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What's Brian Williams Got To Do With New Jersey Employment Law?

Although I don't know him personally, during the past ten years I have grown rather fond of Brian Williams, the much beloved anchor of NBC's nightly news. After all, he is the epitome of a true New Jerseyan. He is smart, funny, relatable, a bit edgy (remember his anger over the administration's inaction in the aftermath of Katrina?), a straight talker and tell-it-like-it-is sort of guy. Up until last week, millions of us have come to view him as stand-up, likeable, and credible. But as quickly as snow turned to freezing rain this winter here in the Garden State, the previously generally accepted perception of Brian Williams changed when it was discovered that he misrepresented (okay . . . okay . . . he lied but I told you that I have a fondness for the guy) the facts of a helicopter attack in the U.S. Invasion of Iraq. From what I understand, which is probably all stuff you know already, while reporting in Iraq in 2003, a helicopter was downed after being hit by a rocket-propelled grenade (RPG). About a half hour later, Brian Williams showed up on the scene in another helicopter, interviewed the brave service members on the downed helicopter and surveyed the damage. For some as-of-yet-undisclosed reason, Williams then re-told the story, first, as if the RPG had been fired at but missed the helicopter on which he was a passenger and, later, as if he had been a passenger on the downed helicopter. While initial criticisms about his claims appear to have been ignored or forgotten (honestly, I have no recollection of that), they resurfaced in early February. Now, additional comments that he has made in the course of reporting, such as that he saw a dead body floating down Canal Street in the French Quarter and that he came down with dysentery after ingesting flood water during Katrina, are being investigated because there was little flooding in the French Quarter and there were no documented cases of dysentery in New Orleans during that time. Williams subsequently apologized for, what George W. Bush once referred to as, misremembering. Since then, Williams benched himself after acknowledging that his "actions" caused him to become part of the news instead of simply reporting it. Like the Terminator, though, it appears that he'll be back as he concluded his only public statement on this scandal when he promised that "upon my return, I will continue my career-long effort to be worthy of the trust of those who place their trust in us." For its part, NBC has largely remained silent on this matter other than to issue a statement making clear that it is "gathering facts" to "make sense" of what happened and "working on what the best next steps are." Incidentally, the fact checking inquiry is being handled internally.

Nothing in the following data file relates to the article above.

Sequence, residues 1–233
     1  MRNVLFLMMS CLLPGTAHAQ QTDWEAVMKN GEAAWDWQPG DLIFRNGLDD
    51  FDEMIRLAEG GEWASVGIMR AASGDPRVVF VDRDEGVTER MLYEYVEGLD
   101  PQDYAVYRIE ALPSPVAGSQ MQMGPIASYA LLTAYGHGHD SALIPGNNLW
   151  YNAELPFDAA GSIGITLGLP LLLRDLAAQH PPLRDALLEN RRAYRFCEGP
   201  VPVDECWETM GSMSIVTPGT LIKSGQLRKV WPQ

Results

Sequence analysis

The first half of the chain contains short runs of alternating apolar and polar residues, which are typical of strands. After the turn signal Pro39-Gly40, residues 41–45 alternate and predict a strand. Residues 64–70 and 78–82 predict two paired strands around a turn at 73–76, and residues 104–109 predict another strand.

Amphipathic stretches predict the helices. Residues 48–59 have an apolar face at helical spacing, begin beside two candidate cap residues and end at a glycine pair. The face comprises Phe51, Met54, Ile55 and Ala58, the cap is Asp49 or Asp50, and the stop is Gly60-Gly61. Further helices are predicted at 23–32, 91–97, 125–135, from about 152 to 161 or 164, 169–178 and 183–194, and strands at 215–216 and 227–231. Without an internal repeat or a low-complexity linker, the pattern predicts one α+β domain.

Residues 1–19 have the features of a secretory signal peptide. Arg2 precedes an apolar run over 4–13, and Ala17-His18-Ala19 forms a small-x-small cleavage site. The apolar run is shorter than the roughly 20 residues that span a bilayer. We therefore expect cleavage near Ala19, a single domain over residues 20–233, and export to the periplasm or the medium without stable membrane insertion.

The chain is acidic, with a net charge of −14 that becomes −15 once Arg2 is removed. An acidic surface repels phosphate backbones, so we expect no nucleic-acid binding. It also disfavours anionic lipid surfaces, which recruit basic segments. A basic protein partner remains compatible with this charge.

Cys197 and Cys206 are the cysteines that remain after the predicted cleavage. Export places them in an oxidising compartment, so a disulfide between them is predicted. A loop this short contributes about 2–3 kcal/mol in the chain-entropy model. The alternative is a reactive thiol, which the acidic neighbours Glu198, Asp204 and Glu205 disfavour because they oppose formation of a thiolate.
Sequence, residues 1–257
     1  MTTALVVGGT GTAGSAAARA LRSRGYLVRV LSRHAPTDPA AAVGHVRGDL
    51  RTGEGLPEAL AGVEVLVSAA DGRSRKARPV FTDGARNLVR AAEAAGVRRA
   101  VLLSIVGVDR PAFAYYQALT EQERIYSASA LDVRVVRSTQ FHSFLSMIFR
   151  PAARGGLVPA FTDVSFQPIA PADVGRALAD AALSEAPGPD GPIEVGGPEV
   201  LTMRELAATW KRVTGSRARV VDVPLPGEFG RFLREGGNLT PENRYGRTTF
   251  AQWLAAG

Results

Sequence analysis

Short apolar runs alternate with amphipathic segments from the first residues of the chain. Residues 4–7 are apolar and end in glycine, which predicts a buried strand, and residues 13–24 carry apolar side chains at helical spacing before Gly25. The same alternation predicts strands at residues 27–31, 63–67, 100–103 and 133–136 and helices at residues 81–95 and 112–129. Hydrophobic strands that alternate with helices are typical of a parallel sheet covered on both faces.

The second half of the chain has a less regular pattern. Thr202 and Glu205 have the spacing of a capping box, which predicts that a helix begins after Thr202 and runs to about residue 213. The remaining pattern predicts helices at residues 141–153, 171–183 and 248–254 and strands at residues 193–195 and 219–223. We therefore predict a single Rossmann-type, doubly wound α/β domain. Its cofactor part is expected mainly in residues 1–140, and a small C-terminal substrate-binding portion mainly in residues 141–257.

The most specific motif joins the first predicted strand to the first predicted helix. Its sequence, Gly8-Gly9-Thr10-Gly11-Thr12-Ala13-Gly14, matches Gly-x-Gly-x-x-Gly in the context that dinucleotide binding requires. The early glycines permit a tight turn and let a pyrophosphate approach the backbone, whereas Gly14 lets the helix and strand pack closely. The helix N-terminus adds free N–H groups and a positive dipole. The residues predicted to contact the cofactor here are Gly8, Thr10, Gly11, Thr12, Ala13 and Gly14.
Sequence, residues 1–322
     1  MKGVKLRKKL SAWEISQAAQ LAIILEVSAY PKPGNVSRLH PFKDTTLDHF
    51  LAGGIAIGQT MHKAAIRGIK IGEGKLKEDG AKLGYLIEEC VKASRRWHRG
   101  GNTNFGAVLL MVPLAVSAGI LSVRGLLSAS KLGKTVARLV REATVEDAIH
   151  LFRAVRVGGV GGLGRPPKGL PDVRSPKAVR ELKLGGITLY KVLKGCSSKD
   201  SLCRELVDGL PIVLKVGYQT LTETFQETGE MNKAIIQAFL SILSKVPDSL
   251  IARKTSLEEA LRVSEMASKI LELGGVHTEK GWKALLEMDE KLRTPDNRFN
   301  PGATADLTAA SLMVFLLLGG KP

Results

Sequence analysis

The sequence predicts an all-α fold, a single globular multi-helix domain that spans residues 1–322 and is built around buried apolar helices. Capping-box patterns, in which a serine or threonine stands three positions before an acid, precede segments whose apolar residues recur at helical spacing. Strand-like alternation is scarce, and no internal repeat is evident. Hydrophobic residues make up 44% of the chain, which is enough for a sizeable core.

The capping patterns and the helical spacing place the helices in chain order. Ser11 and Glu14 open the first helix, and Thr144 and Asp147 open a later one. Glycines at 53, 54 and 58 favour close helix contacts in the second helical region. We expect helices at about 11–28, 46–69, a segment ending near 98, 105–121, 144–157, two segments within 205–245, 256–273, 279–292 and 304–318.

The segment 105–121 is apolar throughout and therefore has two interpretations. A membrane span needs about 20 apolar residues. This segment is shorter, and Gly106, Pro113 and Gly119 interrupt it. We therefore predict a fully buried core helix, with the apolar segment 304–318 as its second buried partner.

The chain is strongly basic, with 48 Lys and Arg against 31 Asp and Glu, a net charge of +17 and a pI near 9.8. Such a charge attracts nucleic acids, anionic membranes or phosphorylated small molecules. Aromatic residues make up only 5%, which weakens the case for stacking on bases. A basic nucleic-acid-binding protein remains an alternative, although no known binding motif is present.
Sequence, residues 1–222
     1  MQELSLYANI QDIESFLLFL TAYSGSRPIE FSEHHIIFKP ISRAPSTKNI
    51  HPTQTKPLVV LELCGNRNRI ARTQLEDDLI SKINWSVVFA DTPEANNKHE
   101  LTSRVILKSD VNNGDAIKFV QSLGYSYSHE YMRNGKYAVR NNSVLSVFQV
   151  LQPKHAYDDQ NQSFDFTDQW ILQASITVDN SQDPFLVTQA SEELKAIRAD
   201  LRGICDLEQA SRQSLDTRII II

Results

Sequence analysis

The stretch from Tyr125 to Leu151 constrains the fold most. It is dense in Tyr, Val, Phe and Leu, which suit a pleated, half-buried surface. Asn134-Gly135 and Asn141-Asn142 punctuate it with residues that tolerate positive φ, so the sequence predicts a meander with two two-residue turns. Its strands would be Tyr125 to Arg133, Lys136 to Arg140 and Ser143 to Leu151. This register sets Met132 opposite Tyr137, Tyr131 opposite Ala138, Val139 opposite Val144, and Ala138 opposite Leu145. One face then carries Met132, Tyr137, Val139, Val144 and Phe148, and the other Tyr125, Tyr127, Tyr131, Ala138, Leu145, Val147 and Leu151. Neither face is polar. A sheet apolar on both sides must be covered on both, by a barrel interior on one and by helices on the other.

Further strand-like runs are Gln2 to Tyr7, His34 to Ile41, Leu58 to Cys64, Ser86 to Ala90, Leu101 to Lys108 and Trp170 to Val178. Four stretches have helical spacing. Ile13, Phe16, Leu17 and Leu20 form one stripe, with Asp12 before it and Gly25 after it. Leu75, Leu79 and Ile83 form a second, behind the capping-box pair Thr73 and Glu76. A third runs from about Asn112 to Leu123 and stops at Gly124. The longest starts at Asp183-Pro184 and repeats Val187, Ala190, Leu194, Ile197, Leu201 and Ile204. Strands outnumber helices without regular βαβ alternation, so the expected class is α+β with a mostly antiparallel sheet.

So, while this is all fascinating, you may be asking yourself what it has to do with employment law - a legitimate question that I am sure many other New Jersey employment lawyers are asking themselves. Look, honestly, the question is maybe nothing but maybe everything. Not straightforward enough for you? Okay, well . . . people lie. More often than not, clients come into our office and swear up, down, and sideways that their co-workers (or sometimes supervisors) will support their claims of discrimination, harassment or retaliation. It's hard not to be cynical at times like those after sitting on this side of the desk for so long because people lie - a fact we have sadly seen at play time and time again. They lie for lots of reasons but people lie. Sometimes it is self-preservation - they don't want to get themselves in hot water or, worse, fired for telling the truth. Sometimes it is because they want to self-aggrandize (make themselves look better), sometimes people just don't want to be involved and yet other people simply can't help but lie. So when clients or potential clients say that they just know that so-and-so will tell the truth, we patiently hear them out and explain that you cannot necessarily count on people in these situations.